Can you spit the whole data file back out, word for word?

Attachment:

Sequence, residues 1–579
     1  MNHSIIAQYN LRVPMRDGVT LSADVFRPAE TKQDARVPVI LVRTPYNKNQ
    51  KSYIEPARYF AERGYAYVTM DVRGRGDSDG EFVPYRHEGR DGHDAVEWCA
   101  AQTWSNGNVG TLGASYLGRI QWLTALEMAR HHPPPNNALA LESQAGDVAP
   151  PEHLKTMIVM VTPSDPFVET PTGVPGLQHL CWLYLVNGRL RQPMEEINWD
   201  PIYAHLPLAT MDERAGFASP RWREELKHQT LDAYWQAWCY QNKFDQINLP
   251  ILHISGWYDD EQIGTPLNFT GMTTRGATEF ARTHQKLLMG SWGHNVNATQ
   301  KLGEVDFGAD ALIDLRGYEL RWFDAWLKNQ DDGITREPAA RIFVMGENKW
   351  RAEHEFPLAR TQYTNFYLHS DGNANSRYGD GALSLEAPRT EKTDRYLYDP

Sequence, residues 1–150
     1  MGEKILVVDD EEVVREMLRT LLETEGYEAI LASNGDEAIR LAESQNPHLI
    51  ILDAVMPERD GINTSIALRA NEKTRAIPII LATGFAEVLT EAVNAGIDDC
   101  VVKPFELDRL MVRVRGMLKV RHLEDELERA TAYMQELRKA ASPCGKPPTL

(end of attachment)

Sequence, residues 1–579
     1  MNHSIIAQYN LRVPMRDGVT LSADVFRPAE TKQDARVPVI LVRTPYNKNQ
    51  KSYIEPARYF AERGYAYVTM DVRGRGDSDG EFVPYRHEGR DGHDAVEWCA
   101  AQTWSNGNVG TLGASYLGRI QWLTALEMAR HHPPPNNALA LESQAGDVAP
   151  PEHLKTMIVM VTPSDPFVET PTGVPGLQHL CWLYLVNGRL RQPMEEINWD
   201  PIYAHLPLAT MDERAGFASP RWREELKHQT LDAYWQAWCY QNKFDQINLP
   251  ILHISGWYDD EQIGTPLNFT GMTTRGATEF ARTHQKLLMG SWGHNVNATQ
   301  KLGEVDFGAD ALIDLRGYEL RWFDAWLKNQ DDGITREPAA RIFVMGENKW
   351  RAEHEFPLAR TQYTNFYLHS DGNANSRYGD GALSLEAPRT EKTDRYLYDP

Sequence, residues 1–150
     1  MGEKILVVDD EEVVREMLRT LLETEGYEAI LASNGDEAIR LAESQNPHLI
    51  ILDAVMPERD GINTSIALRA NEKTRAIPII LATGFAEVLT EAVNAGIDDC
   101  VVKPFELDRL MVRVRGMLKV RHLEDELERA TAYMQELRKA ASPCGKPPTL